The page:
There have been a lot of changes in mainline train technology over recent decades, but the challenge that was pointed out was how to fit as many of those improvements into a small tube train. What Siemens has developed is a fully walkthrough train that can carry about 10 percent more people than the current trains, with wider doors, improved information screens and most significantly, air conditioning.

To nip one argument in the bud, the trains will use vapour-compression refrigeration with temperature control but without the humidity control that is typically provided in buildings. Strictly speaking this is an “air cooling” system, however this type of system is widely referred to as an “air conditioning” system when referring to trains and other mobile applications such as cars. And lets be honest, everyone is going to call it air conditioning anyway, so lets not get hung up on technicalities.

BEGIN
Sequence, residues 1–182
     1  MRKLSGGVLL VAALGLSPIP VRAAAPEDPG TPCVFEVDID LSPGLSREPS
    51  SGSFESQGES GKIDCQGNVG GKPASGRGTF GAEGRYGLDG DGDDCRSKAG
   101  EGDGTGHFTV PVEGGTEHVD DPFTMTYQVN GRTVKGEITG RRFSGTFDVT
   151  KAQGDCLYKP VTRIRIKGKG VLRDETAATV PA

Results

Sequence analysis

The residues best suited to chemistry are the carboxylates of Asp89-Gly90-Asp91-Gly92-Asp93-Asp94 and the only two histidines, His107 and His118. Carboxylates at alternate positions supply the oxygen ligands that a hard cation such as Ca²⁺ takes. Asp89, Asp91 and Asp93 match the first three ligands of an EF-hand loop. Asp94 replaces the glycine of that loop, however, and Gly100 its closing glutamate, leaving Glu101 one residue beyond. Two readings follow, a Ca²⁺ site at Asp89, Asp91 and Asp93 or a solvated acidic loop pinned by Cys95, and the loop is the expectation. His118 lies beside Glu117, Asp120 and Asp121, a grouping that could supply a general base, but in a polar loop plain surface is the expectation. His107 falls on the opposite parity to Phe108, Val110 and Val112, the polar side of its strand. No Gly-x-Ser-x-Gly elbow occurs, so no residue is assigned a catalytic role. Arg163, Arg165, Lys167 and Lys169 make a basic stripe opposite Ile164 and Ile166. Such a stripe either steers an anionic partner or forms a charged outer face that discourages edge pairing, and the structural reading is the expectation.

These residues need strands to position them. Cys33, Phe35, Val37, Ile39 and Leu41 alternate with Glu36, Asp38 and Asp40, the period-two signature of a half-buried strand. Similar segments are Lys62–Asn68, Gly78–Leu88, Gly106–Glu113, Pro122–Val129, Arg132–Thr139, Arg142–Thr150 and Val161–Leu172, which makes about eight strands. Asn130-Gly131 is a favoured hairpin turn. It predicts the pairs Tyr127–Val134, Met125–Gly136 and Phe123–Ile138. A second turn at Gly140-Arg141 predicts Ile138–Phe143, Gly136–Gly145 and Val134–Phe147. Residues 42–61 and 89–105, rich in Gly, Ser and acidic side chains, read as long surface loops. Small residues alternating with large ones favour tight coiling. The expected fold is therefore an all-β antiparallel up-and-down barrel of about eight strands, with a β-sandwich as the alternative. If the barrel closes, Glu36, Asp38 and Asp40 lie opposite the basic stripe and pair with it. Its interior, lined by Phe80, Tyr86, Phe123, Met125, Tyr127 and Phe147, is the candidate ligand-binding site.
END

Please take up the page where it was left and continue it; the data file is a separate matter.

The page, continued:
The main problem with putting air conditioning in the deep tunnel trains is the lack of anywhere for the heat to go – as the tunnels themselves can’t absorb the heat expelled from the trains.

The solution has taken advantage of an innovative train design, reducing the heat they emit from the engines and brakes. Cooler running trains could help to cool the tunnels, but it would take decades to notice the difference, or they can use that temperature gap between the new and old trains to put air conditioning inside the carriages today.

In effect, the new trains, with air conditioning, will run at about the same temperature as the old trains — but will be considerably more comfortable for passengers.

If a future plan to run even more trains through the tunnels goes ahead, that will require increased cooling in the stations, which, funding permitting, is being developed at the moment.